Organisational learning and capability development in mature medium-sized firms : an exploration from an enactment perspective

Kars Unluoglu, Selen and Easterby-Smith, Mark (2011) Organisational learning and capability development in mature medium-sized firms : an exploration from an enactment perspective. PhD thesis, Lancaster University.

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This thesis uses an enactment perspective to critique and develop the concept of organisational capability. It approaches organisational capability from an interpretivist angle and inquires how organisations actually develop and renew their capabilities for sustainable competitive advantage. As a consequence of adopting the enactment perspective, the thesis reveals that organisational capabilities are much more context based and variable than the positivist and predictive representation of the concept in the extant literature. It also proposes that organizational design and learning processes play a key role in the development of organisational capabilities. The research uses qualitative interviews within a case study research design. It studies six medium-sized, mature organisations operating successfully in a variety of industries with diverse market dynamism. In order to move away from a linear representation of organisational capability, the study particularly focuses on the organisational antecedents of capability development in these organisations by relying on participants’ accounts to describe how the firm coped with external environmental changes throughout its history. Based on inductive theorising from intra- and cross-industry analysis, the study observes certain discrepancies in the way existing theories conceptualise organisational capabilities as well as confirms some of their suppositions. Regarding the antecedents of organisational capabilities, the empirical evidence concludes that the development and evolution of organisational capabilities are not only determined by the level of industry dynamism (Eisenhardt and Martin, 2000; Zollo and Winter, 2002); on the contrary, internal endogenous factors seem to matter as much as exogenous shocks. In terms of endogenous antecedents the study reveals a broad contrast between two distinct organisational learning mindsets – learning to innovate and innovating to learn – that influence how external industry factors are interpreted and translated into internal actions. The thesis confirms existing theories which claim that it is possible to decompose organisational capabilities into distinct, sequenced, hierarchically-ordered levels. But contrary to the literature which claims that only firms with higher-order ‘dynamic’ capabilities can succeed in changing environments, the thesis shows that multiple levels of capabilities can yield successful competitive performance for many years. Lastly, the thesis applies the concept of organisational learning mechanisms (Popper and Lipshitz, 2000) to investigate the process of capability development and argues that the structural and social facets, such as agent participation patterns and valuation of knowledge, are of particular importance in producing higher-levels of capabilities and more extensive organisational learning. The thesis contributes to the literature by showing that organisational capabilities are context-bound and idiosyncratic. They are a by-product of organisational life which comes not only through external factors and internal resources, but more importantly through managerial enactment, organisational mindset and learning mechanisms. It critiques existing theories based on the idea of organisation-environment alignment and proposes to introduce the idea of ‘envelopment’ which redefines the relationship between the organisation and its environment. The key idea is that within the same external environment, it is possible to have varying levels of firm dynamism and still to be able to maintain competitive advantage, without necessarily aiming for organisation-environment fit. This thesis contributes to the debates about the development and evolution of organisational capabilities by providing empirical support for the proposition of Zollo and Winter (2002) that there is a relationship between learning mechanisms and capabilities. As a result, it provides alternative insights into the genesis of organisational capabilities and the consequences of learning processes.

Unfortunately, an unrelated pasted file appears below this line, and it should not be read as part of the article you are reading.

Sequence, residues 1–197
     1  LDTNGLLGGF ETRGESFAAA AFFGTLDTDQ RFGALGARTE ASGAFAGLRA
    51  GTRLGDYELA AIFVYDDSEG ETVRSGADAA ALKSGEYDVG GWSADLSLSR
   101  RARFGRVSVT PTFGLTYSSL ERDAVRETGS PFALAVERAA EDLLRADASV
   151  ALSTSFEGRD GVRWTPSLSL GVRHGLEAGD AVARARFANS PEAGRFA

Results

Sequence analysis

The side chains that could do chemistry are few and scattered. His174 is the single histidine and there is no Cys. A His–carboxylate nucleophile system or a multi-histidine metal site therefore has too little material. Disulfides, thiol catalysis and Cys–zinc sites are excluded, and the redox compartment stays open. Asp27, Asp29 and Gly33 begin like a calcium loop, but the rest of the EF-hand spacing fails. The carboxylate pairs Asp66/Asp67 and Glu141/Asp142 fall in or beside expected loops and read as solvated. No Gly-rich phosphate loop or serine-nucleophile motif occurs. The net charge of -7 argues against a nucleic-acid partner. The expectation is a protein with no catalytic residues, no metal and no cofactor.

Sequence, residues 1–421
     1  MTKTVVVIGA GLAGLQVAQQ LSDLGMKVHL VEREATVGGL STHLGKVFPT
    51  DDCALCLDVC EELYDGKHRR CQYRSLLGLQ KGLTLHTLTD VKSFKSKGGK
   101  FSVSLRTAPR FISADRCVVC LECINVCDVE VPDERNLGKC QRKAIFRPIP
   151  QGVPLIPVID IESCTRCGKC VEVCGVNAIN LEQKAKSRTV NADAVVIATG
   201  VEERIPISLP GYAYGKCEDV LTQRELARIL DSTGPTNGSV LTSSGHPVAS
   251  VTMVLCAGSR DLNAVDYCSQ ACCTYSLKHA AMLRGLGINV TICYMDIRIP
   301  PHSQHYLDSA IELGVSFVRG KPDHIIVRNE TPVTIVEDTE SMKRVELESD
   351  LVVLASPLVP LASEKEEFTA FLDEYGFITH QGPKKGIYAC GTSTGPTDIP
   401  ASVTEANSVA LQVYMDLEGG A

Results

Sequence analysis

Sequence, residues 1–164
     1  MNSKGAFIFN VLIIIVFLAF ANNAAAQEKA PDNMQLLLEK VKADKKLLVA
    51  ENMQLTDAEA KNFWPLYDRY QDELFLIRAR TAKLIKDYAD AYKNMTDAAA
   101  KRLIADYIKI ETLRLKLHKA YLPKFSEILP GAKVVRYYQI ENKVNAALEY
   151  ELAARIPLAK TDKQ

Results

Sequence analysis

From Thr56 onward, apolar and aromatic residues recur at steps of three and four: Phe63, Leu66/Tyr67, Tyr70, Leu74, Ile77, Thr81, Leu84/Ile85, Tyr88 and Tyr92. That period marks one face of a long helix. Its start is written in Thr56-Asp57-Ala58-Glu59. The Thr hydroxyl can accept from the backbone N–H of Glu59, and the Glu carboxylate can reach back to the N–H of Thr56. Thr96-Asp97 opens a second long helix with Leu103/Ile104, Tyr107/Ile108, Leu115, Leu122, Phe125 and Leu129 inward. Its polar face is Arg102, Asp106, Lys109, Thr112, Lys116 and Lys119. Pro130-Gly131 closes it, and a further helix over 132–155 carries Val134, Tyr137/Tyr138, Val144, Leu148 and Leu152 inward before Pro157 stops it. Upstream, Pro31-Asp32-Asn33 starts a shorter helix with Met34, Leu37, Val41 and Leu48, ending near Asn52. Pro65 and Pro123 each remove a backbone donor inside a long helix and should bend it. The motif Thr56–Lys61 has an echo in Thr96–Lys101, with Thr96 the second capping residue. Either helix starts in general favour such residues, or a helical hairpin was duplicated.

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Thesis (PhD)
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22 Jan 2015 10:17
Last Modified:
31 Dec 2023 00:06